The 1.6-litre powered C4 BioFlex is Citroen's first flexfuel vehicle in Europe, with its ability to run seamlessly on low-carbon E85 bioethanol, regular unleaded or a mixture of both.
Already well established in Brazil, where flexfuel models currently account for 80 per cent of Citroen sales, the Company is now introducing the technology to Europe as availability of E85 fuel increases. The car will initially be launched later this year in France and Sweden, where it is set to be priced the same as the equivalent petrol models.
When E85 bioethanol is being used, CO2 emissions on a “field-to-wheel” basis drop by 40 per cent compared to standard fuel. Its oxygen-containing, sulphur-free properties also help reduce other harmful pollutants, particularly carbon monoxide (CO). At the same time CO2 emissions fall by 5 per cent from 169g/km to 160g/km on the combined cycle.
As an added bonus, when running on E85 bioethanol, performance for the 1.6i engine is boosted by 2.5 per cent to give a maximum output of 113bhp (compared to 110bhp on standard unleaded) at 5,800rpm and a 4 per cent improvement in torque from 147Nm to 153Nm at 4,000rpm.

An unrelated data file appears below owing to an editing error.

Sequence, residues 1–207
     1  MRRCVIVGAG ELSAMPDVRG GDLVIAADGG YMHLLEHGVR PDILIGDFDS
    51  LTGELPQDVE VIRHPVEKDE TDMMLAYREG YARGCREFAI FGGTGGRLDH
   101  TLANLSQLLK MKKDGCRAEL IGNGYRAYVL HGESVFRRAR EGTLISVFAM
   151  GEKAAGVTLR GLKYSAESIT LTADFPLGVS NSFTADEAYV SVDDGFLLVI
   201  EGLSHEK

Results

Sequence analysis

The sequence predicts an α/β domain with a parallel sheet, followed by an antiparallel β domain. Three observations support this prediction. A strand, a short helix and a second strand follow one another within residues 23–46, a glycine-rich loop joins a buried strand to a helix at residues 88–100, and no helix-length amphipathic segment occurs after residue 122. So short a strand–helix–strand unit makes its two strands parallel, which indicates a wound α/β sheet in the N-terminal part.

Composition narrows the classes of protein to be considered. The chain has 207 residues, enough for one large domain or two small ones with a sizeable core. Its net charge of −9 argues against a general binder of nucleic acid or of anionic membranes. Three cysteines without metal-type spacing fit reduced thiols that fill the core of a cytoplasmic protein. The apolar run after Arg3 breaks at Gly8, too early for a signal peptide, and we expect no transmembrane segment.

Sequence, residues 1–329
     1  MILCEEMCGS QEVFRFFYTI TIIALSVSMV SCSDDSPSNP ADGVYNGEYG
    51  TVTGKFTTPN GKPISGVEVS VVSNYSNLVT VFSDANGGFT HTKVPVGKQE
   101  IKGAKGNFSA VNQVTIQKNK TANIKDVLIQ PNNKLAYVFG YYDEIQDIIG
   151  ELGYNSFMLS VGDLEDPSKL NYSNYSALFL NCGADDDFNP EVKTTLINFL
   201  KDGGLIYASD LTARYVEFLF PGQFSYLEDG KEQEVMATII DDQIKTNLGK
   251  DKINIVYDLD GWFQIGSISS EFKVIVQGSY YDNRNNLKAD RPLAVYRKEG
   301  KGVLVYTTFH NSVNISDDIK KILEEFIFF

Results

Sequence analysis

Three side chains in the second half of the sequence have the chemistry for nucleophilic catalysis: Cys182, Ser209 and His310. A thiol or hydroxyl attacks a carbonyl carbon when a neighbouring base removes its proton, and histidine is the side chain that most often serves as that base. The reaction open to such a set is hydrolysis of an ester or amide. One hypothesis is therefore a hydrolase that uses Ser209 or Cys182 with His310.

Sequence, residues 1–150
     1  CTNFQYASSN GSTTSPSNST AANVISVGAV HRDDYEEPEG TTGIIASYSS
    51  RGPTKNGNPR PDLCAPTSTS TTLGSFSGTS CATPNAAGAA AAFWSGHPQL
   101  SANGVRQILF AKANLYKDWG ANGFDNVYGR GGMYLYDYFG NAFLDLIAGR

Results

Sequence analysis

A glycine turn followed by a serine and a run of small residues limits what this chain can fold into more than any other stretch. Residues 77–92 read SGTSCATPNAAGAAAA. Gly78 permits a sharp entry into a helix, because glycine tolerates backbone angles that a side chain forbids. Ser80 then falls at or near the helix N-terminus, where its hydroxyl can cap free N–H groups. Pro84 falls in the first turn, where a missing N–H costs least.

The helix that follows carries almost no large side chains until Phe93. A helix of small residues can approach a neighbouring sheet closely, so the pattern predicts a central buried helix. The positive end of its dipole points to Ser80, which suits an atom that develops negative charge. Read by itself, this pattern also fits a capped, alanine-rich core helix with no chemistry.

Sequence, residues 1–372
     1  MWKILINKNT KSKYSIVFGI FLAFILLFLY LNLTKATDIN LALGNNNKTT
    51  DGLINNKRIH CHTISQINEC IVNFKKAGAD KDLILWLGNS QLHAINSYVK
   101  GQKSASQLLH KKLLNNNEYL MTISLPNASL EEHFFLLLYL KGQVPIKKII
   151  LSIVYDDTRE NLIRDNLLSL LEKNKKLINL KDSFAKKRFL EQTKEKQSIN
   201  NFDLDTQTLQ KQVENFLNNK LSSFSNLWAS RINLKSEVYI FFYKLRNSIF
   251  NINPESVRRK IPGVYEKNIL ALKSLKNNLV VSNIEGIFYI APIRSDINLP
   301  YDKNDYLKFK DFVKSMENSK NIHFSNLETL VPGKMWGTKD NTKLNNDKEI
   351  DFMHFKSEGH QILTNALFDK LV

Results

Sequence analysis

In order to accommodate the flexibility afforded to the C4 BioFlex, modifications have been made to the engine, such as the rings and valve seats, as well as the fuel circulation system, including the tank, fuel gauge and pump module, pipes and fuel filter.
The engine’s intelligent ECU software has also been adapted to monitor the alcohol content of the fuel mix, and automatically recalibrate the operating curve to optimise performance. As a result of all this, regardless of the fuel type or mixture, there is no discernible difference in the driving experience.
The scale of investment in the British biofuel industry was underlined earlier this year with the commencement of work on a new £250m bioethanol factory in Teesside, which will eventually produce 400 million litres of homegrown fuel annually.Published 4 September 2007